How to Start a Coin-Operated Laundry

Startup Costs

You can expect to encounter a number of basic startup costs to get into the laundry business. Depending on whether you build a new laundry in a leased space or buy an existing one, your costs may include:

Market research (literature/subscriptions/association fees)
The cost of an existing laundry business

  • Construction or remodeling (if you are building a new laundromat)
  • Washer hook-up fees (sewer connection)
  • Licenses/permits
  • Equipment

Keep in mind that if you buy a laundry, you don't pay for licenses or sewer connection fees (unless you decide to have additional washers installed). But you will have to pay for renovation and any new equipment you decide to install if you want to update the laundry.

In addition to these basic startup costs, you may also have a number of ongoing expenses. These include:

  • Lease/rental costs
  • Utilities (gas, sewer, water and electric)
  • Insurance (fire, theft and liability)
  • Employee payroll/benefits
  • Miscellaneous supplies (cleaning supplies, soap, invoices for wash-and-fold, bathroom supplies, etc.)

Research and Development
Once you've completed your initial research on the laundry business, you will need to figure out how much it will cost to build your store-to remodel a space and fill it with laundry equipment-or to buy an existing laundry. Whether you decide to buy or build, you can expect to pay between $200,000 and $500,000 for an average-size laundromat (about 2,000 square feet).

If you're buying an existing laundry, figuring out your major startup costs is simple-just determine the value of the business. If you plan to renovate the existing store by painting the interior or putting in new flooring, be sure to add these costs to your startup expenses.

Figuring out your startup costs involves a little more work if you decide to build. Since you'll be leasing a space that was something other than a laundry in a previous life, the cost of the construction is going to depend on how much remodeling you have to do. If the space you've chosen was formerly a beauty salon, for example, you're going to have to add enough water, sewer and gas pipes for the conversion to a laundry. You'll also have to provide enough electrical outlets, possibly move a few walls, and completely redecorate before it will look like a laundromat. You should hire a contractor to help you do all this remodeling.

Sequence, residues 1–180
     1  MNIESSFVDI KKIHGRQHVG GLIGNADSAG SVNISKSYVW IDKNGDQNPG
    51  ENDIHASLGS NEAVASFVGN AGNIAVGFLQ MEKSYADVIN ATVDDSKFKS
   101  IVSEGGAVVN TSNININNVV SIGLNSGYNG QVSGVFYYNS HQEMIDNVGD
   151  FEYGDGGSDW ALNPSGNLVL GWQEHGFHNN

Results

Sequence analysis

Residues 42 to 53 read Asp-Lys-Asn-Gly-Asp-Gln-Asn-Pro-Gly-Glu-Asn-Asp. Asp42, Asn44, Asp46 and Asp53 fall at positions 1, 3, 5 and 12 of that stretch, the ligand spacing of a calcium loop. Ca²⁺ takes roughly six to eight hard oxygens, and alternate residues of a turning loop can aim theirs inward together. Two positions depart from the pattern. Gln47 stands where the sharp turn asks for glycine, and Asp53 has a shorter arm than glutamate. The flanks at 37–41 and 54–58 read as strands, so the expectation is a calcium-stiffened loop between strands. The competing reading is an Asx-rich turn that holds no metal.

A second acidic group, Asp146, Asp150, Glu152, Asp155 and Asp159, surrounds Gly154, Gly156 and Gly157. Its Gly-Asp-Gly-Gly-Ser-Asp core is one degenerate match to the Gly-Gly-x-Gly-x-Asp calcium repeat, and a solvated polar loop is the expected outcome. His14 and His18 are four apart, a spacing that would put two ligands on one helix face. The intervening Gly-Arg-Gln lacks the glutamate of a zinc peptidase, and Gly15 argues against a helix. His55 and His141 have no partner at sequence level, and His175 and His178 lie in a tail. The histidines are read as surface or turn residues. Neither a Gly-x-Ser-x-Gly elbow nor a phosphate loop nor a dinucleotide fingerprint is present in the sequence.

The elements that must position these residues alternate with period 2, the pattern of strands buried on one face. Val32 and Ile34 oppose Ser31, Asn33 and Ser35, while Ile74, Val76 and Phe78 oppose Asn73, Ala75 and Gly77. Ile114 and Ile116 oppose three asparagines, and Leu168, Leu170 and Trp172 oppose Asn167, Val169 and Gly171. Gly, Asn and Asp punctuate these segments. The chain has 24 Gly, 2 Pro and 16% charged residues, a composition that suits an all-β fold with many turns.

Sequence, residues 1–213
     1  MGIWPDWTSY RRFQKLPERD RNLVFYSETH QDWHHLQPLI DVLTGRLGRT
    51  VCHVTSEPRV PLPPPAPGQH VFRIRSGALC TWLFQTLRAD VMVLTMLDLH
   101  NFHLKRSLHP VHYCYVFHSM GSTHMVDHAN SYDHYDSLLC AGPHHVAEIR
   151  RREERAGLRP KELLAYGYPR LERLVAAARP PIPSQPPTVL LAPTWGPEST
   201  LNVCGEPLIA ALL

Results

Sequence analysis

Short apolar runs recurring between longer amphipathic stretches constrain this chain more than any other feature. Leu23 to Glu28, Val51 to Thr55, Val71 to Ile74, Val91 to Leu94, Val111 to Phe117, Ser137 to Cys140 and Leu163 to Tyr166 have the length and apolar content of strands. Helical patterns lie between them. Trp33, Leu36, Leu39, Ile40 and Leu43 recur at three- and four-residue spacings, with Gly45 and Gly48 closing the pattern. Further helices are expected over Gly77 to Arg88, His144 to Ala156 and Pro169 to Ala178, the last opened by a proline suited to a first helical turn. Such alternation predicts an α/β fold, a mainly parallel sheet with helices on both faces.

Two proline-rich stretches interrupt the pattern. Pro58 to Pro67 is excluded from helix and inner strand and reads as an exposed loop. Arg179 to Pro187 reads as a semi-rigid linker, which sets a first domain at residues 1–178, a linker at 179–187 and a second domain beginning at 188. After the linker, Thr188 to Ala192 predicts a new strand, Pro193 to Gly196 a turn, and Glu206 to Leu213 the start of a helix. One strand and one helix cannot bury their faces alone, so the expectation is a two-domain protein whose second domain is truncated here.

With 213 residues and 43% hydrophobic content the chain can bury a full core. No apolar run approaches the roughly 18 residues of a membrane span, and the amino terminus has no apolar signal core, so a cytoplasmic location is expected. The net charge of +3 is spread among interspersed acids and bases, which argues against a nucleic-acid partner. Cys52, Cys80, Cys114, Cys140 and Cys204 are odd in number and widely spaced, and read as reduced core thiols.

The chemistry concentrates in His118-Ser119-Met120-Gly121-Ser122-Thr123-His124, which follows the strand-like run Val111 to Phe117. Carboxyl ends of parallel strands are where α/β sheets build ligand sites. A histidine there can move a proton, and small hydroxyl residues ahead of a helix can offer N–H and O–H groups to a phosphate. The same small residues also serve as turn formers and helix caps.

In general, you can expect to pay about $200,000 for the construction costs to remodel an average-size space (2,000 square feet). This includes the cost of installing your equipment and putting in folding tables and seating. The remainder of your major startup costs will be buying the equipment itself.

Licenses and Hidden Fees
The licenses and permits you will need depend entirely on your location. Check with your municipality regarding:

  • Business license
  • Health department license (if you are serving food)
  • Fire department permit
  • Air and water pollution control permit
  • Sign permit
  • Public improvement fees
  • Impact fees

You should also be aware of a few lesser-known fees that will affect you as a laundry owner. In many areas around the country, municipal water districts charge sewer connection fees. These can cost you anywhere from $200 to $8,000 per washer. If the fees are $8,000 per washer, the owner of a laundry with 30 washers must pay $240,000 in hook-up fees-almost what he'll pay for construction! Brian Wallace of the Coin Laundry Association tells us that high hook-up fees are one of the biggest problems facing the coin laundry industry today. "Before you get too far down the road, make sure you understand what if any impact fees, tap-on fees, wastewater fees-they call them lots of things-there are," says Wallace. These fees are a major challenge to laundry developers. And in areas where operators are forced to pay these fees, the price of laundromats has also risen dramatically. If the fees are high in your chosen area, you may need to reconsider your entire plan.

In addition to sewer connection fees, you may find that you have to pay sewer and waste water fees, too-check with the local municipality. Don't neglect to check on these charges when you're researching a laundry business. After all, you will be using these utilities heavily, so you'll want to know if the monthly charges will be manageable from the get-go.

The Goods
If you decide to buy a laundry, you will already have a full complement of equipment-unless you want to replace a few of the older machines or add a few more machines to meet customer demand. However, if you decide to build a laundry, buying equipment will eat up virtually all the rest of your startup costs. You can expect to pay between $150,000 and $300,000 to fill an average-size laundromat with washers and dryers.

Top-load washers cost between $500 and $700 each, and front-load washers cost between $3,500 and $20,000 each, depending on their size. One stacked dryer (which means two dryers arranged one on top of the other in a joined cabinet casing) costs between $5,000 and $6,000.

If you want to add a card system, it will cost you in the neighborhood of $40,000 to $80,000, including readers on the machines, a card dispenser and cards, and the software to compute equipment usage and let you change prices. It's pricey, but take heart: With a card system, you don't have to buy a change machine, which runs in the ballpark of $1,000 to $3,000.

A water heating system will run you between $15,000 and $40,000, and a soap vending machine will cost between $500 and $1,500. Those laundry carts that let customers transport their clothes from washer to dryer cost $50 to $75 each. Supplies such as soap, cleaning equipment, signs, clocks, and trash cans should run another $750 to $1,000.

How to Start a Coin-Operated Laundry

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